See Andrew Tyson at the 2019 Musica Viva Festival. Book your tickets here.
Hailed by BBC Radio 3 as ‘a real poet of the piano’, Andrew Tyson’s youth belies his achievements. When a student at the Curtis Institute and then the Juilliard School, Andrew won the Gina Bachauer Piano Competition and received the Arthur Rubinstein Prize in Piano. A winner of the Young Concert Artist auditions (New York), he is also a laureate of the Géza Anda Competition in Zurich (First Prize, Mozart and Audience Prizes), and the Leeds International Piano Competition (the Terence Judd-Hallé Orchestra, awarded by the orchestra and conductor Sir Mark Elder).
From his home state of North Carolina, Andrew now performs with orchestras across America and Europe. Recital appearances include major venues and festivals around the globe, including Brussels’ Palais des Beaux Arts and New York’s Carnegie Hall. As a chamber musician, Andrew regularly appears in recital with violinist Benjamin Beilman, including a major tour with Musica Viva in 2016.
We spoke with Andrew ahead of the 2019 Musica Viva Festival, to discuss the role of a pianist in chamber music, the festival line-up and - of course - the chamber music classic, Schubert's 'Trout' Quintet.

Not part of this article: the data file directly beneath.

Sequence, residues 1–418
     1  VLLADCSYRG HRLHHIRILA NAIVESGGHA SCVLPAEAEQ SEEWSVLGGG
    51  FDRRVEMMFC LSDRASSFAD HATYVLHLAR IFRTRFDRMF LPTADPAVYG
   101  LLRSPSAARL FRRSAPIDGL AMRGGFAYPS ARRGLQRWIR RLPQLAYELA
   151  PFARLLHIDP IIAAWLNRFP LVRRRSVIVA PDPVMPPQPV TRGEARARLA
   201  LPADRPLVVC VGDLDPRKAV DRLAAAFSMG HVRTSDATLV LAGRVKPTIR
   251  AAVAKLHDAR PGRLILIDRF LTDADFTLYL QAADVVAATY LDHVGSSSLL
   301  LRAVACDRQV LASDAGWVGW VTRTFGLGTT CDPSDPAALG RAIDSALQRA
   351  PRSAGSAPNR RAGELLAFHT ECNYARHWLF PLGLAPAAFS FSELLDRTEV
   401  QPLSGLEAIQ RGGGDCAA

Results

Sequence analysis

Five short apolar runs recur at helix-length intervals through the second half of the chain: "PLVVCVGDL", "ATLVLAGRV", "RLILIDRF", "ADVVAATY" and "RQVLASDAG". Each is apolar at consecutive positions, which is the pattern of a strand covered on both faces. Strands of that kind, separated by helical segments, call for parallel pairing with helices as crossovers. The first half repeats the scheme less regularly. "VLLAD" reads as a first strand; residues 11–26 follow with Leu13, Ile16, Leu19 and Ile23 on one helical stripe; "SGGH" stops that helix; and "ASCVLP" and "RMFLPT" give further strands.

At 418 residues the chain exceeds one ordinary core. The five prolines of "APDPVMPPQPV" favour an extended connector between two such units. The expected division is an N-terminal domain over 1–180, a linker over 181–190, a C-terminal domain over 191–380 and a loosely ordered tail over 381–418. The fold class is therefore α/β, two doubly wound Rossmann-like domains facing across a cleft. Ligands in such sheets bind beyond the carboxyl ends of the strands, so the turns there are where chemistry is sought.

The last time you toured Australia was in 2016, with violinist Benjamin Beilman. What’s been happening in your career since then?
Is it already 2019? That's almost frightening! I had such a fantastic time touring Australia in 2016 that the memory is still so fresh in my mind. Since then I've been lucky to continue traveling and playing concerts. In 2018 I played concerts in Japan and China for the first time, which were particularly special events for me - but I am grateful every time I have a chance to play onstage.
You’re performing one of the great piano quintets, by César Franck – tell us about the work.
I'm so glad you call it one the great piano quintets, because it really is, though it is sometimes overlooked. I would add that it is perhaps unique in the entire classical canon for its torrid emotional intensity. At the time of its writing, Franck was infatuated with a young music student, and the quintet reflects the dark, forbidden emotions he felt at the time. The subject of the work was so evident that Saint-Saëns, who sight-read the piano part at its premiere and who was infatuated with the same student, walked off the stage in a rage at the end of the performance. At the very least, I promise not to do that!
One of the great chamber music classics – Schubert’s ‘Trout’ – lies at the heart of the Festival. Why has it remained such an enduring work?
I think if you flipped Franck Quintet on its head you might end up with the 'Trout'. Where Franck is overwhelmingly dark and turbulent, Schubert is sunny and charming. I suppose it endures because it is simply irresistible and includes some of the most delightful melodies ever written. From a practical standpoint, it is manageable enough that it remains popular for casual chamber music reading; on the other hand, it's very challenging to perform convincingly!